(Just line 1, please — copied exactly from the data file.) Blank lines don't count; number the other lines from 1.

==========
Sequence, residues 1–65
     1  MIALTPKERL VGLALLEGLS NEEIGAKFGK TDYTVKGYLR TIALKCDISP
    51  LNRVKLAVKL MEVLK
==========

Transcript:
Sequence, residues 1–65